■ Computer Virus
MyDoom variant rises
A new computer worm is wiggling its way through the Internet. Computer antivirus companies Symantec and H+BEDV are warning their customers of the existence of a MyDoom variant known as Worm/MyDoom.AH. The worm is a threat to anyone using the Microsoft Windows operating system. Like MyDoom, the new MyDoom.AH virus exploits a securit flaw in Microsoft's Internet Explorer Web browser. The worm opens port 1639 on the infected computer and through this opening can allow unauthorized access to the infected computer system. The MyDoom.AH worm spreads itself by sending e-mail messages to addresses found on the infected system. It also constructs e-mail addresses based upon addresses it finds. The worm sends out a message in which recipients are requested to click a link found in the body of the message. When the link is clicked, a Web server is contacted that then infects the user's computer. E-mail messages containing the MyDoom.AH virus will include a subject line such as "hi!," "hey!," "Confirmation," or one that is blank.
China expects surge
Mergers and acquisitions in China will multiply 10-fold or more in the next five years, accounting for about half of overseas investment in the nation, a Chinese official said. Foreign companies were involved merger deals valued at US$3.8 billion in 2003, 7.2 percent of the US$53 billion China received in foreign investment, Victor Gao, chief executive of the China State-Owned Enterprise Investment Co told a finance conference in Shanghai. There will be "huge merge and acquisitions opportunities" as China, Gao said, noting that his agency alone has a goal of selling off small state-owned companies and merging 187 large state-owned businesses into 50.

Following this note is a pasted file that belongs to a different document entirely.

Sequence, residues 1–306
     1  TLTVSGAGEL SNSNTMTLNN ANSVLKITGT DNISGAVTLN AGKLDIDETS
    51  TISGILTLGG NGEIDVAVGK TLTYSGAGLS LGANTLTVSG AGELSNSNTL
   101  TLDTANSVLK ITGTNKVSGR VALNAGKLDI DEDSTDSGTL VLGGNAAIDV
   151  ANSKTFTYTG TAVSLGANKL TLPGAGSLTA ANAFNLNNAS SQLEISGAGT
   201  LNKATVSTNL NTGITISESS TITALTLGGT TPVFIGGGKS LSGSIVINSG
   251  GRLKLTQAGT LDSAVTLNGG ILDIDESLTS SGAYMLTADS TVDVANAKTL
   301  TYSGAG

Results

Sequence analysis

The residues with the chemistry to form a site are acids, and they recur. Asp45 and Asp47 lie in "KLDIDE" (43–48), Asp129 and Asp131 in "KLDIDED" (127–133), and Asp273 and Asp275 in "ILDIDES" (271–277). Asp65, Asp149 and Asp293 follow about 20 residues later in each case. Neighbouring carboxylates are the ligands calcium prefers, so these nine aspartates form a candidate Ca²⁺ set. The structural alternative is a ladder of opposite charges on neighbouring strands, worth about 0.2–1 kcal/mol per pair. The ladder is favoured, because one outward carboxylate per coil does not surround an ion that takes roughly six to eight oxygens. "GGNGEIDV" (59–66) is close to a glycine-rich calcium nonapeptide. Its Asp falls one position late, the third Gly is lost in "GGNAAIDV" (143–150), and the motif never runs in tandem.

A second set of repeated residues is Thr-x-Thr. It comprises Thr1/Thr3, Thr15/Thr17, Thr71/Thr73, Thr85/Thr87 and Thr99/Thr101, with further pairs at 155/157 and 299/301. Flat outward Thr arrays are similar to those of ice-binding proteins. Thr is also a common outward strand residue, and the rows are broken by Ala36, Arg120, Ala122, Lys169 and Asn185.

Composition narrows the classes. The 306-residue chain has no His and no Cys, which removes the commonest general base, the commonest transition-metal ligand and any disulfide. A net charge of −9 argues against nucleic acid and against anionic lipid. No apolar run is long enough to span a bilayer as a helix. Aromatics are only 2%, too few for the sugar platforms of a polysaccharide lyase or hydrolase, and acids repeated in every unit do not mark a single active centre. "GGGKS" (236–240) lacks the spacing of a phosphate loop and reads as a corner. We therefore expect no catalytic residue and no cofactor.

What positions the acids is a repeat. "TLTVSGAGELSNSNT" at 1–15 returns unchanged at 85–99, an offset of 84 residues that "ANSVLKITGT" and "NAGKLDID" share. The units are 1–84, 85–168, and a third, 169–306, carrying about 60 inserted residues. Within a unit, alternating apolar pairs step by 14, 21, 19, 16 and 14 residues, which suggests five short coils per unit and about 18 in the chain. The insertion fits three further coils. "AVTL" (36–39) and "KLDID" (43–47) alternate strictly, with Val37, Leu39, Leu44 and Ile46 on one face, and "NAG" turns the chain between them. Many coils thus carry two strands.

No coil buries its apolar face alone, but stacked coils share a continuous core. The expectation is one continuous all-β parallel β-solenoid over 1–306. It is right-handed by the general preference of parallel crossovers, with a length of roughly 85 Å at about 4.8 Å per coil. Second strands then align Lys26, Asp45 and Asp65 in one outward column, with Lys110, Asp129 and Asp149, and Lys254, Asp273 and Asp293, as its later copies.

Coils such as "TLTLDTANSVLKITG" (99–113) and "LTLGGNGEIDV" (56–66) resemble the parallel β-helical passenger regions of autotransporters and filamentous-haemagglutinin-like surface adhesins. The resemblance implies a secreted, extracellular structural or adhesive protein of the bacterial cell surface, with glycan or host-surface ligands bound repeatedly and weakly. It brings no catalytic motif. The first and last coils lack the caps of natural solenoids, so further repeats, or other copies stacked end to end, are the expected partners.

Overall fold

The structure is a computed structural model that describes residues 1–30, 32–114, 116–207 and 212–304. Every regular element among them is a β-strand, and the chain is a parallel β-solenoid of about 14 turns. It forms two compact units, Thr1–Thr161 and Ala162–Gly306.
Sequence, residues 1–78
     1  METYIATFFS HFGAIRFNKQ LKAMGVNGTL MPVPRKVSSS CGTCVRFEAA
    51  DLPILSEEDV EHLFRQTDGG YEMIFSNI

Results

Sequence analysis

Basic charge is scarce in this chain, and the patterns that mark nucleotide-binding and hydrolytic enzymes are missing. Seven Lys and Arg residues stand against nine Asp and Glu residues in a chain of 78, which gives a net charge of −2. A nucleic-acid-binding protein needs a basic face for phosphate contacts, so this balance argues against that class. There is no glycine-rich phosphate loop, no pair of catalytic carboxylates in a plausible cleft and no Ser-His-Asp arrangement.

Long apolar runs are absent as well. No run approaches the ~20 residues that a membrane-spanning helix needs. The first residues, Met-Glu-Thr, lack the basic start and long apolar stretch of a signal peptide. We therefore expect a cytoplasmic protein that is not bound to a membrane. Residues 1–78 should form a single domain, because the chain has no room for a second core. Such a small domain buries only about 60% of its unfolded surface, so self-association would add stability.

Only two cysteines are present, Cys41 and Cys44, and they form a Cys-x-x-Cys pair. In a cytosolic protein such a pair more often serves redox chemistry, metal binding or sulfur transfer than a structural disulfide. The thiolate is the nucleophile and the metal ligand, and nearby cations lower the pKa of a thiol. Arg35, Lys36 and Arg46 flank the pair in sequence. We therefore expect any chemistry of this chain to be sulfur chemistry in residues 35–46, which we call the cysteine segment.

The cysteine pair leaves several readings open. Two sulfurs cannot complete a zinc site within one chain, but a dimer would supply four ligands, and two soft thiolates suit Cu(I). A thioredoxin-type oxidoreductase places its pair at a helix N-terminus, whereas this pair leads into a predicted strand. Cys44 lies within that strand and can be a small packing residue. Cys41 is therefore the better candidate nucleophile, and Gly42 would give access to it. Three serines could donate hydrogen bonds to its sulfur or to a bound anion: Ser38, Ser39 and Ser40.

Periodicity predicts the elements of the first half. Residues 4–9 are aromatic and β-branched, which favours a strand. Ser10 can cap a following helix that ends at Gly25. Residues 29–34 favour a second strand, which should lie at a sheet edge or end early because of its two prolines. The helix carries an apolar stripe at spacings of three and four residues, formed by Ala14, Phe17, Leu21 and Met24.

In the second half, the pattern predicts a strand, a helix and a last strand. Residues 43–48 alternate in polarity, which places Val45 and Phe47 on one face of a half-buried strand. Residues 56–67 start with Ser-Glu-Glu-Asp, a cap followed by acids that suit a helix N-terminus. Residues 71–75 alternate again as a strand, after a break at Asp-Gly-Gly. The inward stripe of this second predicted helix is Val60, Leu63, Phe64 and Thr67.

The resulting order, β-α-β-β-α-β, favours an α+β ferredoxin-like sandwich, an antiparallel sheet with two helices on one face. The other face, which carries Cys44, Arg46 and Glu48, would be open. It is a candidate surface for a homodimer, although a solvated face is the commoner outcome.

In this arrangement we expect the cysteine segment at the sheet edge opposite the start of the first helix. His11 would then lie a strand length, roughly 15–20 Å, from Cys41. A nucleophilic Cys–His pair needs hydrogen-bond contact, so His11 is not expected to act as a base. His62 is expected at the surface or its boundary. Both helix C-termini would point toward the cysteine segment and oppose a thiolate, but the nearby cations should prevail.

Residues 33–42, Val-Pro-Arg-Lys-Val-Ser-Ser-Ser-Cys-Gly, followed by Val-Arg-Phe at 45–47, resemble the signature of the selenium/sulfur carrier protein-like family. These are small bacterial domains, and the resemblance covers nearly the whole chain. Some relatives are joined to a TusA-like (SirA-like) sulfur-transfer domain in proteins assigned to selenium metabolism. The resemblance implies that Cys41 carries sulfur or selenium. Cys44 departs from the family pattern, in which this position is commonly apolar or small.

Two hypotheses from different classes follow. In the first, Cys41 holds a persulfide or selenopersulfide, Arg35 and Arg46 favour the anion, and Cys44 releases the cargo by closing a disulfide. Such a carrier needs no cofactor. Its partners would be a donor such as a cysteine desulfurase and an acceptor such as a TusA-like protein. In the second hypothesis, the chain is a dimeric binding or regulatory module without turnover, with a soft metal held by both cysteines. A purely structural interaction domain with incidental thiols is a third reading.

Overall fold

■ MP3 Music
Downloads get costly
Employees using company computers to download MP3 music files are costing Australian firms at least A$60 million (US$45 million) a year. Melbourne-based network management company Exinda Networks went through Australian Bureau of Statistics data and the files of an internet service provider to come up with a picture of the cost of bandwidth stealing in the workaday world. Exinda said local businesses were spending A$450 million (US$352) a year on accessing the Internet. Of that, A$58 million (US$44 million) was paid out for illicit usage -- the equivalent of 1 million MP3 files each day.
■ Tax Fraud
China eyes foreigners
China is threatening a crackdown on foreign companies after a survey indicated evidence of widespread tax fraud, state media reported Sunday. Alarm bells have been ringing after a team investigated 9,465 foreign-funded enterprises in southern Guangdong province and found that only a small minority was following the rules, the China Business Weekly newspaper said. "Almost 90 percent of the foreign enterprises are making money under the table," Huang Zhaoming, head of the team, told the paper. The most common form of fraud involves transfer pricing, in which transnational companies shift income to their affiliates overseas, reducing the profits in China so they can avoid paying taxes, according to the paper.